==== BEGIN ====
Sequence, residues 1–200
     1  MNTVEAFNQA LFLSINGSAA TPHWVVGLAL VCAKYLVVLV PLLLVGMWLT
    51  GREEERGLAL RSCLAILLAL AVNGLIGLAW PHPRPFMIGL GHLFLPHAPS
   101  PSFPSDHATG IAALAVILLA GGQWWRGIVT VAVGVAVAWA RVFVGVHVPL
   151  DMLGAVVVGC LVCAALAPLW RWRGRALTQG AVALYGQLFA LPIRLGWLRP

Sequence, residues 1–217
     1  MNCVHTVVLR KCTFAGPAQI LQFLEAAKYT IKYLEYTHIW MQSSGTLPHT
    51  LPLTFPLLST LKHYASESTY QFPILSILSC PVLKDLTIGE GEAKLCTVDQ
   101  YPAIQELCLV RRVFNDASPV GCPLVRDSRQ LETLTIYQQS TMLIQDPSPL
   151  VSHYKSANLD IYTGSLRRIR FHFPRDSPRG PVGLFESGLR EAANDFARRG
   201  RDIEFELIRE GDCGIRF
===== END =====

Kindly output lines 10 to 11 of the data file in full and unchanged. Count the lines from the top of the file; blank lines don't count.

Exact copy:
   151  VSHYKSANLD IYTGSLRRIR FHFPRDSPRG PVGLFESGLR EAANDFARRG
   201  RDIEFELIRE GDCGIRF